4. Centralize and Separate Log Data

It sounds like a conflict of interest, and in a way, it is. You need to have logs collected and sent to your central location. You cannot have the logs sent to your production environment.

Logs should always be separate from your production environment. It’s all about the consideration of your log data, which facilitates and enriches your analysis capabilities. You want to enable cross-analysis and even determine correlations coming from separate and different data sources.

5. The Importance of Log Collectors and Aggregators

Logs come with complete and valuable information about the system’s health and performance and critical aspects of log management infrastructure. You are working with hundreds of log files from hundreds of servers. Being able to detect an anomaly seems far-fetched and impossible to perform accurately.

By aggregating logs, you’re able to solve your anomalies and gain insight into user behavior. You’re able to collect that data before any problems reach the end-user. You should be able to implement the solutions before the end-user even knows there was a problem.

6. End-to-End Logging is Essential

Every troubleshooting complication depends on active monitoring and logging across all system components. It’s common-sense yet is a best practice that’s often forgotten about. It’s only through end-to-end logging that all infrastructure metrics and events allow you to understand your security issues and network latency.

It provides a window into the database transaction delays and other user experiences.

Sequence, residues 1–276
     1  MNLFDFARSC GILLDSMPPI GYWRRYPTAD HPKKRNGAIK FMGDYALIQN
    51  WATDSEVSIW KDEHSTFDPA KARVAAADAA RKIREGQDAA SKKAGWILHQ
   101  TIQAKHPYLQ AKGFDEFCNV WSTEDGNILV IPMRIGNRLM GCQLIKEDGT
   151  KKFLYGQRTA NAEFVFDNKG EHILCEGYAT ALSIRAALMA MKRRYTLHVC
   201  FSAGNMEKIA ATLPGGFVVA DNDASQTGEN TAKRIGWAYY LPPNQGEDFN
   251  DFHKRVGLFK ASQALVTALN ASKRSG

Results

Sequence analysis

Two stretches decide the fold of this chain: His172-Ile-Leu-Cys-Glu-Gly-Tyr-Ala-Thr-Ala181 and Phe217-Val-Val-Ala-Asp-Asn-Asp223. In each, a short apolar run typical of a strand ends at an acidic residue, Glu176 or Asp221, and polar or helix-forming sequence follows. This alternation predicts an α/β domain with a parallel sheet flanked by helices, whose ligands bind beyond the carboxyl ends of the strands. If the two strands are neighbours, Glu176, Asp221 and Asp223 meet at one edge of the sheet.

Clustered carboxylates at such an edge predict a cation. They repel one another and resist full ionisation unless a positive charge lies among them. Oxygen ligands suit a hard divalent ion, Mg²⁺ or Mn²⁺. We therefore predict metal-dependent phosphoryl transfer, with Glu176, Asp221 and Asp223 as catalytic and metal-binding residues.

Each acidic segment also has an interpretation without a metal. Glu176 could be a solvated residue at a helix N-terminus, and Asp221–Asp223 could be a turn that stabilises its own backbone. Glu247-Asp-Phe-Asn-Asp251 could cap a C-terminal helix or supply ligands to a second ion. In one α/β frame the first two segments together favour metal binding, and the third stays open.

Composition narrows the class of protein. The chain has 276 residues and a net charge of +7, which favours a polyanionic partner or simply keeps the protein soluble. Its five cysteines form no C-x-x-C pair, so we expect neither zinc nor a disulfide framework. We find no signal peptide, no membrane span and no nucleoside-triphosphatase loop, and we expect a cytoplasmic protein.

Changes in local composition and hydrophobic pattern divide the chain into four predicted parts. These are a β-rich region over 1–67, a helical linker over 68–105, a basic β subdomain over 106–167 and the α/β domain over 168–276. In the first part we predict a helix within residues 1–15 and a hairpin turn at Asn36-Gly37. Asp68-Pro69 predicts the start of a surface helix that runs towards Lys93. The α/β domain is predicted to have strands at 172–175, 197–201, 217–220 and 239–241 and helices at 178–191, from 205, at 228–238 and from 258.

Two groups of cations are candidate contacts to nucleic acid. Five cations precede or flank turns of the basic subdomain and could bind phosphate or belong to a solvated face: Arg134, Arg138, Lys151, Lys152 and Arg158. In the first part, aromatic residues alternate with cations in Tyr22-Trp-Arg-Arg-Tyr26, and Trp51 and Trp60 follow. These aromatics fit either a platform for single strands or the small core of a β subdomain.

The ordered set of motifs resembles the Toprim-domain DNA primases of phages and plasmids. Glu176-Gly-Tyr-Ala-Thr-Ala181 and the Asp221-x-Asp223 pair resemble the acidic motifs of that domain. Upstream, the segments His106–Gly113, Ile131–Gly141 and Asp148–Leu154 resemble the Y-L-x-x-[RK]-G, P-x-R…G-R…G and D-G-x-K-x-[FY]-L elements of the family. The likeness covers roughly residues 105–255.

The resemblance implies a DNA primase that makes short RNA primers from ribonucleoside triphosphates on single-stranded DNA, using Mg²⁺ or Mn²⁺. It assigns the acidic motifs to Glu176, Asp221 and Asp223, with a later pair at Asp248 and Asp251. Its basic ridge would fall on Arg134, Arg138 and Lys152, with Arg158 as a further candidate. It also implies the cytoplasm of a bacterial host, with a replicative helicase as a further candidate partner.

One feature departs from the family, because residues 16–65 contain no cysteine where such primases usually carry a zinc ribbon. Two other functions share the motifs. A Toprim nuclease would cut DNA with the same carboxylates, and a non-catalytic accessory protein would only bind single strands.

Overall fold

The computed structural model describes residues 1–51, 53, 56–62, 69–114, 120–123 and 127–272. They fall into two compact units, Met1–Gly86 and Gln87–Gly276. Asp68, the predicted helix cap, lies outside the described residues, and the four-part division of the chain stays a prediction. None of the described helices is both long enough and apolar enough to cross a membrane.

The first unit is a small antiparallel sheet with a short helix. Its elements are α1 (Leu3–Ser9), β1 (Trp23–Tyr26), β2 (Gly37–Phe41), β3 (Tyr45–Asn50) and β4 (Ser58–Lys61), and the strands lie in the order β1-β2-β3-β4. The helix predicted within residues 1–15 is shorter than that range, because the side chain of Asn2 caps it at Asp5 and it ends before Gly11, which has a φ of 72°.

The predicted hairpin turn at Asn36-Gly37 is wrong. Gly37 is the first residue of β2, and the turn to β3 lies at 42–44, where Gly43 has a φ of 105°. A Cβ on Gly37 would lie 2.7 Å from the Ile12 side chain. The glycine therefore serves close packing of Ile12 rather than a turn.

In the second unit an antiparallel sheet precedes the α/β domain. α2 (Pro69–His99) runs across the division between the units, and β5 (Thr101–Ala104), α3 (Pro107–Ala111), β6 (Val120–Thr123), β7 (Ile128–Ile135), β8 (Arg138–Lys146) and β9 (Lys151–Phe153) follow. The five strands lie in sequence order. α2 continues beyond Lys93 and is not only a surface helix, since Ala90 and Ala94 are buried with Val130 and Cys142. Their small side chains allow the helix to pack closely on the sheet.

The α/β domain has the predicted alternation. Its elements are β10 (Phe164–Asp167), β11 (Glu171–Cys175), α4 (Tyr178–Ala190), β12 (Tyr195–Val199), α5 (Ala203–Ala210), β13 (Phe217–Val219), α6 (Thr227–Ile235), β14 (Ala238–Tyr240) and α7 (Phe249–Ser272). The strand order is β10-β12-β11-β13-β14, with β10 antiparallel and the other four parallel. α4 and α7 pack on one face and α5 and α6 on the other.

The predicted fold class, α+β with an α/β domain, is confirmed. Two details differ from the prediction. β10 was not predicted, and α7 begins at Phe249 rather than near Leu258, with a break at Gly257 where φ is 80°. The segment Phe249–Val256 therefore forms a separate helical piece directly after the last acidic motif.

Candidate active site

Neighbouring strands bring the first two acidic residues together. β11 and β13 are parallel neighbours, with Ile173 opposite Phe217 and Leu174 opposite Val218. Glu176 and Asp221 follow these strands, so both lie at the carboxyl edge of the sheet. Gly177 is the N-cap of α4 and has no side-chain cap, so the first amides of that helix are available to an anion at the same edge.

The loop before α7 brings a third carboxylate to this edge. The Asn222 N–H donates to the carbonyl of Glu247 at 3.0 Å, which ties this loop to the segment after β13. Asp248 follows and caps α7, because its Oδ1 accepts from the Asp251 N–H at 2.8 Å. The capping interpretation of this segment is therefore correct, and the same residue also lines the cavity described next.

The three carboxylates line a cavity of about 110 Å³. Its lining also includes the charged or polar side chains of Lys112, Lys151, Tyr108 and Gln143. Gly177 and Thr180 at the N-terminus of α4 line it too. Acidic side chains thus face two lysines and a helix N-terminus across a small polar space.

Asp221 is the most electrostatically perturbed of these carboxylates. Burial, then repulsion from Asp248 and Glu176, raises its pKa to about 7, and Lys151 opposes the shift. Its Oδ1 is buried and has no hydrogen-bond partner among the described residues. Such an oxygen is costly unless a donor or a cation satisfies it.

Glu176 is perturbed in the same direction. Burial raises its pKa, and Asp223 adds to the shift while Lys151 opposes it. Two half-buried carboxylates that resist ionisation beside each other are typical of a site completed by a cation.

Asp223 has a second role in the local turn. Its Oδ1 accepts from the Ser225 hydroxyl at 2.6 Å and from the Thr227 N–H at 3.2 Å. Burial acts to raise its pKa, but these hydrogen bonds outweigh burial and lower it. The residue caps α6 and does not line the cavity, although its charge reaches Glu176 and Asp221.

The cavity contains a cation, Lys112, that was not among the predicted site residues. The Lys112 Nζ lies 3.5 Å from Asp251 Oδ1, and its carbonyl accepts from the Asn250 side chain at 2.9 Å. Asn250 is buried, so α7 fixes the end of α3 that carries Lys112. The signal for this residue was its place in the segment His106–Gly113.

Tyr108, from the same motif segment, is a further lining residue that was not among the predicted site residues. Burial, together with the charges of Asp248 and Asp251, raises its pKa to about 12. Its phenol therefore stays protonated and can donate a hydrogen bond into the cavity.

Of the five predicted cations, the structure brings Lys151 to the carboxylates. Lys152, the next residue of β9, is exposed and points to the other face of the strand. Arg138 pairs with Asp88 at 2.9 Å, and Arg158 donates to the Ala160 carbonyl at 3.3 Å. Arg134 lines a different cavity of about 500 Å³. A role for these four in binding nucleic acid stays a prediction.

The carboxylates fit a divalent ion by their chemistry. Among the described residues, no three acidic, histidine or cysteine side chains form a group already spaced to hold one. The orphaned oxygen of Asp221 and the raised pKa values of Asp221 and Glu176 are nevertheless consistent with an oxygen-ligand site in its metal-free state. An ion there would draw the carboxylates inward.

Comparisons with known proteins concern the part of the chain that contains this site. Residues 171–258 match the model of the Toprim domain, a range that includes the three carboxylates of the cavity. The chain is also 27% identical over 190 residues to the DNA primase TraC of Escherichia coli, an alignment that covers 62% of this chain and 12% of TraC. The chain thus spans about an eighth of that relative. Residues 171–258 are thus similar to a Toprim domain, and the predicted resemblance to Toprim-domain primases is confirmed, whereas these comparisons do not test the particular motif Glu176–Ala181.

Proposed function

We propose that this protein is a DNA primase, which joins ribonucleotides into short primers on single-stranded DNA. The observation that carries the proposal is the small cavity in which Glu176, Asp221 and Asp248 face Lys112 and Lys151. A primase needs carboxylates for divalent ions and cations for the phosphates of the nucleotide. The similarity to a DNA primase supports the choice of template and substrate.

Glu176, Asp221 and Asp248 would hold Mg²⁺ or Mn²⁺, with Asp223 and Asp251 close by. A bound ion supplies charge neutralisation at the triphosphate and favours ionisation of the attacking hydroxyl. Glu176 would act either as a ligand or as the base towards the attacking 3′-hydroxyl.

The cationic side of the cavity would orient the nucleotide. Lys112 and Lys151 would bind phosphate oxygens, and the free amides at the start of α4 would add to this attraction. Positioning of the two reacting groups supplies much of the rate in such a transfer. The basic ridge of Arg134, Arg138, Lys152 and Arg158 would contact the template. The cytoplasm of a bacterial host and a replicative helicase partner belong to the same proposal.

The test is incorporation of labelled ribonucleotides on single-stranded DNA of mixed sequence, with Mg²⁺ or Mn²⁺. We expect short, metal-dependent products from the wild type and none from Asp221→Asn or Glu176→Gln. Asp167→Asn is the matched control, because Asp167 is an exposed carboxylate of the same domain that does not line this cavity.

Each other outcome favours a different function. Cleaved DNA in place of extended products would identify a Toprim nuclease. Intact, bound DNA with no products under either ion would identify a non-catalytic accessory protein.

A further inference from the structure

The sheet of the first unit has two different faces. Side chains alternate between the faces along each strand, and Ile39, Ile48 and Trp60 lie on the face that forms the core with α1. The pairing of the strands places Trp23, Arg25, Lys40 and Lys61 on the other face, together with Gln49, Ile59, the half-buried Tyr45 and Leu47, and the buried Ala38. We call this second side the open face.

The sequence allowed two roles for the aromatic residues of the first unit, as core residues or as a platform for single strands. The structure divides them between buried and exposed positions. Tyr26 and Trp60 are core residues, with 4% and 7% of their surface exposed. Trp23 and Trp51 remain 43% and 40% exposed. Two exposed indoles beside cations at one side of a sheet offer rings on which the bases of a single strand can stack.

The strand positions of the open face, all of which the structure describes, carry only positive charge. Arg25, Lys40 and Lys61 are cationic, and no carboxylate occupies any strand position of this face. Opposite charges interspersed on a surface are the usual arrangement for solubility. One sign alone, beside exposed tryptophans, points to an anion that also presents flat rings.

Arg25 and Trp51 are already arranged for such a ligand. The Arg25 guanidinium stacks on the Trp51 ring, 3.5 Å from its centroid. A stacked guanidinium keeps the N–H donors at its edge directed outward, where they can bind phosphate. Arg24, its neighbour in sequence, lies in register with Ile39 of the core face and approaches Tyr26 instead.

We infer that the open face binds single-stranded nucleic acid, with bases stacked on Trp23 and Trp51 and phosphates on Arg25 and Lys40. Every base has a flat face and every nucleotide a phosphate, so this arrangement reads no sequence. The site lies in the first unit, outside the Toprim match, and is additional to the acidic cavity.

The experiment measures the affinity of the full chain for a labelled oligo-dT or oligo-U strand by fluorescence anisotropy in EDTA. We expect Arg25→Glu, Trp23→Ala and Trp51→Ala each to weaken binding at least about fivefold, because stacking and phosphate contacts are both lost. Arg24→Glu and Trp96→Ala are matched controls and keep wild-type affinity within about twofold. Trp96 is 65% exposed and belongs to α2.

7. Parsing and Unique Identifiers

If you plan to debug, support, or analyze, you’re going to need to break it into parse content and use unique tags for your debugging and analytical support. You can’t track anything if it’s all contained together in something indecipherable.

That’s why you want to use a unique user ID to filter your action search that spans a user’s period activity in a specific time parameter.

8. Don’t Predetermine Your Logging Purpose

Not all logging is for troubleshooting purposes. That’s why when you predetermine what the issue is; you are leaving out some of the most needed reasons logging is needed. Most IT professionals think troubleshooting is the only target for log messages. But logging is used for profiling, statistics, and auditing.

Log usage is limitless. Don’t get cornered too early. For different roles, e.g. IT uses for system troubleshooting, Data scientists use it for business trending, DevOps use it for improving development and production.

Practices for Logging

The complex systems of today need a multitude of applications and software. That means the critical components are susceptible to error messages and bugs. But now you know where you can find the answer, and it all begins by facilitating logging best practices.

When you are ready to collect logs, investigate the performance errors you are receiving, accelerate the application delivery, and improve security compliance posture, do check out Logiq Platform. With Logiq Platform, you will find the best way to aggregating logs that saves time and money.

What’s more, you will gain the insight you want by starting with logging best practices.

Originally published at https://logiq.ai.

Turning log data into real time insights. Real-time log aggregation and analysis to any S3 compatible object-store| Eliminate Cost Per GB | www.logiq.ai